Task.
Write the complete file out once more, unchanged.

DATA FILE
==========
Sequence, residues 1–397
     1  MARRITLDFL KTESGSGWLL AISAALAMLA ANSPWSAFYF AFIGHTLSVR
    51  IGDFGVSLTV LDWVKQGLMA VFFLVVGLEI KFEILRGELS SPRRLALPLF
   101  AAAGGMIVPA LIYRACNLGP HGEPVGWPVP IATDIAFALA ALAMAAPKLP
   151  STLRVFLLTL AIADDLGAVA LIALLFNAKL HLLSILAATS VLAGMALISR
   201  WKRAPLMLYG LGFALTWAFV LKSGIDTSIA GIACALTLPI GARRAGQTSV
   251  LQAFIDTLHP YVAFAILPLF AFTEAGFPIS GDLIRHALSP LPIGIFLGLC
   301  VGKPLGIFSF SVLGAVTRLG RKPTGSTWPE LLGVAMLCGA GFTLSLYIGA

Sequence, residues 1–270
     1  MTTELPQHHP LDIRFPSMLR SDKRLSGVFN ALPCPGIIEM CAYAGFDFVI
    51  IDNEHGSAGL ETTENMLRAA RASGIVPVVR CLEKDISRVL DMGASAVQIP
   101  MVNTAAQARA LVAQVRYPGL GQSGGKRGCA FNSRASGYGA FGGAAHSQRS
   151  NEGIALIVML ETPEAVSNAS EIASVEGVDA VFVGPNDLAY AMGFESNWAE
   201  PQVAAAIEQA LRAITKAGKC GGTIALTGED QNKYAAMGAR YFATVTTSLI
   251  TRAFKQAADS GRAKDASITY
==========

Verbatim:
Sequence, residues 1–397
     1  MARRITLDFL KTESGSGWLL AISAALAMLA ANSPWSAFYF AFIGHTLSVR
    51  IGDFGVSLTV LDWVKQGLMA VFFLVVGLEI KFEILRGELS SPRRLALPLF
   101  AAAGGMIVPA LIYRACNLGP HGEPVGWPVP IATDIAFALA ALAMAAPKLP
   151  STLRVFLLTL AIADDLGAVA LIALLFNAKL HLLSILAATS VLAGMALISR
   201  WKRAPLMLYG LGFALTWAFV LKSGIDTSIA GIACALTLPI GARRAGQTSV
   251  LQAFIDTLHP YVAFAILPLF AFTEAGFPIS GDLIRHALSP LPIGIFLGLC
   301  VGKPLGIFSF SVLGAVTRLG RKPTGSTWPE LLGVAMLCGA GFTLSLYIGA

Sequence, residues 1–270
     1  MTTELPQHHP LDIRFPSMLR SDKRLSGVFN ALPCPGIIEM CAYAGFDFVI
    51  IDNEHGSAGL ETTENMLRAA RASGIVPVVR CLEKDISRVL DMGASAVQIP
   101  MVNTAAQARA LVAQVRYPGL GQSGGKRGCA FNSRASGYGA FGGAAHSQRS
   151  NEGIALIVML ETPEAVSNAS EIASVEGVDA VFVGPNDLAY AMGFESNWAE
   201  PQVAAAIEQA LRAITKAGKC GGTIALTGED QNKYAAMGAR YFATVTTSLI
   251  TRAFKQAADS GRAKDASITY